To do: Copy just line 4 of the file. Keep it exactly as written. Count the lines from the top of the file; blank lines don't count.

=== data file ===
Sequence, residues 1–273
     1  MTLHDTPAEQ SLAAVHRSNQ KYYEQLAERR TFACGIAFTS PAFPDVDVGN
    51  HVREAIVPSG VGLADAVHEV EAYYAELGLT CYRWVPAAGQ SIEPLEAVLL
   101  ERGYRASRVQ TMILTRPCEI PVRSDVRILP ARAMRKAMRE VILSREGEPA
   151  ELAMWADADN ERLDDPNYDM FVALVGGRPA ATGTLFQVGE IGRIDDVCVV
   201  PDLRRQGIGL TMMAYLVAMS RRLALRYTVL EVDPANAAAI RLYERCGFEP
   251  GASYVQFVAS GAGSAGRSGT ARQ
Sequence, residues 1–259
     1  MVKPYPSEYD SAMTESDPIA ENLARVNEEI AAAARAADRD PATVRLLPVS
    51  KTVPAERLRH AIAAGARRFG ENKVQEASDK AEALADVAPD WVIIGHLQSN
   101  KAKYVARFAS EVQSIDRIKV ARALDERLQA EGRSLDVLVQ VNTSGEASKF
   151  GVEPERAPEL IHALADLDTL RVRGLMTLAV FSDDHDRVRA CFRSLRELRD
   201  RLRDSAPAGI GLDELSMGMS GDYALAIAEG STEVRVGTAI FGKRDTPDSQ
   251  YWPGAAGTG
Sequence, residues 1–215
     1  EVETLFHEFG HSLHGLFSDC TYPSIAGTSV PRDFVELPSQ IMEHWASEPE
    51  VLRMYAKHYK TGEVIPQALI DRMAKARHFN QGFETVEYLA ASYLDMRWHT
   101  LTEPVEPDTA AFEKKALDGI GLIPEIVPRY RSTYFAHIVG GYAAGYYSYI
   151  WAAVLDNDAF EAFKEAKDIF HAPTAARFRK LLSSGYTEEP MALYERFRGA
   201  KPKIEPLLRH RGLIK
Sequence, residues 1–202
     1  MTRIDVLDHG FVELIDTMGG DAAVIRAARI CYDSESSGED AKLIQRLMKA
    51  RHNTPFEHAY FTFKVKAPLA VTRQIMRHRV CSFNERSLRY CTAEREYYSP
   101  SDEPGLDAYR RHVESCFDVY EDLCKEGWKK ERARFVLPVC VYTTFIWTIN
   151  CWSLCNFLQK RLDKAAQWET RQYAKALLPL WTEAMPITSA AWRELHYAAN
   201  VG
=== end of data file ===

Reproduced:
   101  ERGYRASRVQ TMILTRPCEI PVRSDVRILP ARAMRKAMRE VILSREGEPA